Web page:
In recent years, we have seen a seismic shift globally towards offences aimed at combatting corruption, fraud, tax evasion and money laundering. The UK’s new corporate criminal offence of the failure to prevent the facilitation of tax evasion (the “CCO”), which entered into force on 30 September 2017, is yet another targeted tool being employed by the UK government and Her Majesty’s Revenue & Customs (“HMRC”) to bolster existing anti-bribery, corruption and money laundering offences.

On 10 February 2020 HMRC disclosed that it has 30 potential cases underway under the CCO, split between nine ongoing investigations and 21 potential investigations (see here). Whilst there have been no confirmed CCO cases to date, this demonstrates a clear ramp up in enforcement activity since the offence came into force. HMRC is scrutinising companies of varying sizes, small and large.  In addition, HMRC confirmed that the investigations span a wide variety of sectors, such as financial services, oil, labour provision, construction and software, showing that HMRC is not targeting any specific industries but all areas are at risk under this new legislation. Any sectors that have lengthy supply chains will be particularly under the microscope and there will be a sharp focus on supply chain partnerships and their potential role in facilitation of tax evasion.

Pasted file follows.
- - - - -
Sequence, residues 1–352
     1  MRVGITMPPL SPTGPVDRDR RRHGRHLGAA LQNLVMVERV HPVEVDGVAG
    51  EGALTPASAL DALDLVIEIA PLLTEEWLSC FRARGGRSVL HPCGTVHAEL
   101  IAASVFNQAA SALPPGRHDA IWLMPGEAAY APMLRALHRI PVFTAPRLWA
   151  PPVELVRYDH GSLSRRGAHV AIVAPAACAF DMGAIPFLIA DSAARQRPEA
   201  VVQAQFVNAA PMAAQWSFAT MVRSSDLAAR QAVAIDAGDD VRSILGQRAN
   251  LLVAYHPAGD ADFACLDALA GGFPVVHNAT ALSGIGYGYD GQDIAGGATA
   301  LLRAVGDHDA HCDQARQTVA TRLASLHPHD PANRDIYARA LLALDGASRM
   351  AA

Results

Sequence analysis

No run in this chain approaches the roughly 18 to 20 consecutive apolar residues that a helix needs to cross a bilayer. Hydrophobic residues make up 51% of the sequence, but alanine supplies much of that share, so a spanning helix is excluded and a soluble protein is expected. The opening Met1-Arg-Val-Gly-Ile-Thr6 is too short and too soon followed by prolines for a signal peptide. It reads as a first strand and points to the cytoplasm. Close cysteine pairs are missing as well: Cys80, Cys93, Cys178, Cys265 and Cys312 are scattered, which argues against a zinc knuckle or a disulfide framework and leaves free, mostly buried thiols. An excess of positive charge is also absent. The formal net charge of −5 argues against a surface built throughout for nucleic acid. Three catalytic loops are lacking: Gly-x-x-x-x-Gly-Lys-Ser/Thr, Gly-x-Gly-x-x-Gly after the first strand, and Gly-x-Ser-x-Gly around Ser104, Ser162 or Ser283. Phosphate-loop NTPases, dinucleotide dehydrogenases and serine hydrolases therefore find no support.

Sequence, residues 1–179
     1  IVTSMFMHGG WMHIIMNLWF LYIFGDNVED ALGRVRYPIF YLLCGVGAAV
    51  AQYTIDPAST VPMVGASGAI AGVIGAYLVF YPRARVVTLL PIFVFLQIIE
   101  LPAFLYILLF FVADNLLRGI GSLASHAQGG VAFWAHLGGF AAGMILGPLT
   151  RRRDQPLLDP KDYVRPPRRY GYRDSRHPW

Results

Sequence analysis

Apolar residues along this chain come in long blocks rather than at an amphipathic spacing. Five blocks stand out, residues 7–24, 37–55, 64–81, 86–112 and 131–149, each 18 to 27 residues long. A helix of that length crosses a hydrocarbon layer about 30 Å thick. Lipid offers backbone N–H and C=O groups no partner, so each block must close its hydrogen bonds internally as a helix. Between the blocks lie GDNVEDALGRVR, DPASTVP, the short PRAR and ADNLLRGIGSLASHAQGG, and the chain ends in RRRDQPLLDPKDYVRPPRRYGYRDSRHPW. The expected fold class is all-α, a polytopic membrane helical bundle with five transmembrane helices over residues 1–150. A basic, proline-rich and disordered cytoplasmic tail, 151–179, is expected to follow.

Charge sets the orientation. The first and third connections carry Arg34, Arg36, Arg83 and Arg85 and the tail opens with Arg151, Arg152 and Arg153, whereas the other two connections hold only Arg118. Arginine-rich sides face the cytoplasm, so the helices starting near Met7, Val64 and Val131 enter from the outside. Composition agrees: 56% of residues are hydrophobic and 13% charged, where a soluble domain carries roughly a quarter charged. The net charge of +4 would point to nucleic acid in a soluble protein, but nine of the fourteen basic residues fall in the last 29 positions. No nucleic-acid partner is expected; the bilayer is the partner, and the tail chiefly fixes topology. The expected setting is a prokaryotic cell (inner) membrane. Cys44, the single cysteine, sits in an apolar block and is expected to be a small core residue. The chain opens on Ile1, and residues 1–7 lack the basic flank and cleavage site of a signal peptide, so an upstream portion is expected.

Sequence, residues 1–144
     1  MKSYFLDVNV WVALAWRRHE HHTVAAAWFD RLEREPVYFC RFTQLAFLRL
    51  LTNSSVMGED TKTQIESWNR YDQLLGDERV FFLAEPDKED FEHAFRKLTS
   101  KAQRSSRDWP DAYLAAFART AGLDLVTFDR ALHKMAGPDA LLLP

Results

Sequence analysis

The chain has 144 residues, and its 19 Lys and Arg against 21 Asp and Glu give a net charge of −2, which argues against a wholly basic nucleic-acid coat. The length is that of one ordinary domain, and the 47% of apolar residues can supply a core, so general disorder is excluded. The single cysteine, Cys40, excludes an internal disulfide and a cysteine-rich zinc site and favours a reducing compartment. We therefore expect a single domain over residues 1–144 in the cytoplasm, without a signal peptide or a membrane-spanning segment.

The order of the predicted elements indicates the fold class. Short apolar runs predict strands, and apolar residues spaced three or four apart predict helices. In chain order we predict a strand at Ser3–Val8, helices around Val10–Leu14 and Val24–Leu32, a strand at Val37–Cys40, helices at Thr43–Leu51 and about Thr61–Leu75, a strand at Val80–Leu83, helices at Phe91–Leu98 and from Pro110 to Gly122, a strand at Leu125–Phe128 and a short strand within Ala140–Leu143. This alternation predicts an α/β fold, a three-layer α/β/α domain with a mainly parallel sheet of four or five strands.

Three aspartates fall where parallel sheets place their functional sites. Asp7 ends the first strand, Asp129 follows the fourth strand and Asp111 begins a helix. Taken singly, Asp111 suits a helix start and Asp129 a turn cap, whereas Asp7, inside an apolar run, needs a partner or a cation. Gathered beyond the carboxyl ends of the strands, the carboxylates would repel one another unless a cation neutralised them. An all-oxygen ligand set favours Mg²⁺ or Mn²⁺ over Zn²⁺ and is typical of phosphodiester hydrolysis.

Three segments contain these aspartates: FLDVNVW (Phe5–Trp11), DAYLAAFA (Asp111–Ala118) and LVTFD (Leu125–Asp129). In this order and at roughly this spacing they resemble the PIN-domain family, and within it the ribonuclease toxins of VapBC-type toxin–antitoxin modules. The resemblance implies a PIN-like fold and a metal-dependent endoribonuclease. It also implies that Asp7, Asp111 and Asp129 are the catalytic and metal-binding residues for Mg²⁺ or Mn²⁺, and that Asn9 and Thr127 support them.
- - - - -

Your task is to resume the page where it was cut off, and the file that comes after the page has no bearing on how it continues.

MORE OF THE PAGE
Key elements of the Offence

Under the CCO, companies will be criminally liable if they fail to take reasonable steps to prevent an employee or other Associated Person (i.e. a third party performing services for or on their behalf) from facilitating tax evasion.

While there is no direct CCO equivalent in the U.S., the U.S. criminal law and tax code and the doctrine of respondeat superior may lead to corporate liability where an employee (or some other agent of the corporate entity) facilitates or aids and abets US tax evasion by a third party.

The key differences lie in the far broader jurisdictional reach of the CCO, as well as in the broader definition of Associated Person by comparison with Agent in the U.S. regime. The CCO applies not only to all entities in the world where the underlying tax is owed to HMRC, but also to non-UK taxes where an entity is incorporated in the UK, carries on business in the UK or has had any aspect of the offence(s) occur in the UK.